Sunny Socks

by Stina Trollbäck

It’s hazy and there is a woman in my apartment. I am on the black metal porch. I can see her through the window. She is washing dishes, and I think she’s humming. The walls inside are light yellow, like my socks, which are rolled down to look like little donuts, and like my bowtie. The window is foggy around the edges and low to the ground, but I still need to stand on my tippy toes to watch the woman.

*    *    *

Now I am sitting on a metal chair on this metal extension of my new home, and I am looking out over the canal and the canoeing people. The chair is cold and leaving patterned imprints in my pink-yellow skin.

*    *    *

The lady is walking towards me. She is crouching next to me. She is talking to me in her normal voice, pointy and mellow. That voice is as familiar to me as sleeping. She’s always here. I’m supposed to call her something, but I don’t remember the word.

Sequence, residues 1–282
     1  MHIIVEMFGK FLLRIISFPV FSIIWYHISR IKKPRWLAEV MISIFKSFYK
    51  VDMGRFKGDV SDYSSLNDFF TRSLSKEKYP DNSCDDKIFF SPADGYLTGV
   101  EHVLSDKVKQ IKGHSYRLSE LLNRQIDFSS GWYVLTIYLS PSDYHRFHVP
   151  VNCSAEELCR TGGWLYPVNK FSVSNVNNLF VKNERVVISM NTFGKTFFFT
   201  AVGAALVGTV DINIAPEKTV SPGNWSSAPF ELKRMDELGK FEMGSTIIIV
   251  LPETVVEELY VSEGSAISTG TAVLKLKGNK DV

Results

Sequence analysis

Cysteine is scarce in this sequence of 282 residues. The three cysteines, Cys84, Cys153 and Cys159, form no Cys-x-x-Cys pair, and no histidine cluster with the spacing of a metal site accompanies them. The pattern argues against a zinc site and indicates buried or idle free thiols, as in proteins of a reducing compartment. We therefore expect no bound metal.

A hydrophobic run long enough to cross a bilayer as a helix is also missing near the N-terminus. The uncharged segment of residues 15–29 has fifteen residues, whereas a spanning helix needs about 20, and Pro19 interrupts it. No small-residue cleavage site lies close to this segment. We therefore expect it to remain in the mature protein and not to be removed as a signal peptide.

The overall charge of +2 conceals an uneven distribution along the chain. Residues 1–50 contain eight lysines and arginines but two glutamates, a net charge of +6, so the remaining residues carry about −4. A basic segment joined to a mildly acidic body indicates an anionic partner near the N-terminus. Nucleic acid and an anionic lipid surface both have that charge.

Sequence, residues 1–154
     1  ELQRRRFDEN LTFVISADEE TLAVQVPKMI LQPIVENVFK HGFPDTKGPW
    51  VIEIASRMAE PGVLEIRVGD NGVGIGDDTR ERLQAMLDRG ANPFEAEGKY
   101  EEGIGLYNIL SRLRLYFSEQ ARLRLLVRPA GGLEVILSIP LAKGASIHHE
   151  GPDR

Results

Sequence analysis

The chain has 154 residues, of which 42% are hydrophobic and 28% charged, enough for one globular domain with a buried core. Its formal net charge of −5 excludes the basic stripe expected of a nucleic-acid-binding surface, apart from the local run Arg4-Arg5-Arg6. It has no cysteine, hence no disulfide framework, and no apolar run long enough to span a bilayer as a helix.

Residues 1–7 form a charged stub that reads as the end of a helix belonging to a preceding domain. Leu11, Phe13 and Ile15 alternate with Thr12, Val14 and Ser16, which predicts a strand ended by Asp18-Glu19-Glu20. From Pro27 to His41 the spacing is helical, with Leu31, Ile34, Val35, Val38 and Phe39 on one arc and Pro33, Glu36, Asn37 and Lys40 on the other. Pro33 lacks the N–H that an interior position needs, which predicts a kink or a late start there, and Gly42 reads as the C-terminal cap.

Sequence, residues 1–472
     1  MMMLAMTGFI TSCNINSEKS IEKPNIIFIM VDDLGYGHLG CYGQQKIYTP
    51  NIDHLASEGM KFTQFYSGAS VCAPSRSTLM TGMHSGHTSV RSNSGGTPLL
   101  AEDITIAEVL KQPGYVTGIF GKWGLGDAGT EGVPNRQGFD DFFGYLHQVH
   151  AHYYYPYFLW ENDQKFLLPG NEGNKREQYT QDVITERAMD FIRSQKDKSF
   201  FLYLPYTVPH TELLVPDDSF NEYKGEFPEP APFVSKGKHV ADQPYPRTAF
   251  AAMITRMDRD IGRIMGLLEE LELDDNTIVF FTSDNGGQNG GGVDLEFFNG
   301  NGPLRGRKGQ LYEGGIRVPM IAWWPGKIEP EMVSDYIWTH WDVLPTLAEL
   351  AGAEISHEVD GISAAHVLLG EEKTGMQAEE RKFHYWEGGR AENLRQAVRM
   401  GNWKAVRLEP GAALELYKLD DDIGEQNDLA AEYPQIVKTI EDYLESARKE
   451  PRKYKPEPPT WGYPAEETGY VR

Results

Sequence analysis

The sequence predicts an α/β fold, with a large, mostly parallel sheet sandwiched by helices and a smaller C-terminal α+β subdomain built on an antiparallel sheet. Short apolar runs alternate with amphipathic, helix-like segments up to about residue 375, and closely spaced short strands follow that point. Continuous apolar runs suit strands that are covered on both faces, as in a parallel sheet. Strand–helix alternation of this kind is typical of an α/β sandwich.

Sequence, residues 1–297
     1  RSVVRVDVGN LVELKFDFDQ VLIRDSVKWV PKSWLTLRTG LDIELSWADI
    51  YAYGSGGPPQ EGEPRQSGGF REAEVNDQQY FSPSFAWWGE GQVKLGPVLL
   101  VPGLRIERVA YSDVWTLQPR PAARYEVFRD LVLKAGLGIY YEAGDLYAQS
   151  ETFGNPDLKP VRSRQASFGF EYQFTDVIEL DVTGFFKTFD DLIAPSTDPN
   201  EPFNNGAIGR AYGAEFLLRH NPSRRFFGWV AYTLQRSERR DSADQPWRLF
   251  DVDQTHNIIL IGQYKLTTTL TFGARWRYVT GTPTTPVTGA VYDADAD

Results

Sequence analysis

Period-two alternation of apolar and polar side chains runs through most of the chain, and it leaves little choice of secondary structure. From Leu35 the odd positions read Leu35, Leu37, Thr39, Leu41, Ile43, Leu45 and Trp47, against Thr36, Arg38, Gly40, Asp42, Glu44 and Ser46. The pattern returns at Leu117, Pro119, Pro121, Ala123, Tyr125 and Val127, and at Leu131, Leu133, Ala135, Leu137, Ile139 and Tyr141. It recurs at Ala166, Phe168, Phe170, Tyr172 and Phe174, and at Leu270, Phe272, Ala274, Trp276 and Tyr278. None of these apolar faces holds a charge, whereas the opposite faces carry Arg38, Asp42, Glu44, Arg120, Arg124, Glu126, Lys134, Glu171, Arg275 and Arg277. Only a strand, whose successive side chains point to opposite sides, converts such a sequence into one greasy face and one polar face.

*    *    *

She asks me if I want to cut off my ponytail to have short hair like the rest of the little boys here, but I shake my head and tell her I like the yellow ribbon that ties it together. She asks me if I am okay, and I shrug because I don’t remember the word to explain that I don’t like sitting by myself on the porch. I don’t like thinking because my thoughts go to places that don’t exist in real life, and I have to come back from that place eventually. She smiles and says she loves me, and I feel sunny like my socks for a second, but she gets up and walks back into the house after she pats me.

*    *    *

My eyes are heavy but it’s too light out to sleep. The lady says I can only sleep when it’s dark, but I think it’s okay to sleep whenever, because when you sleep, it is dark.

*    *    *

The words I didn’t remember:

Mom

Lonely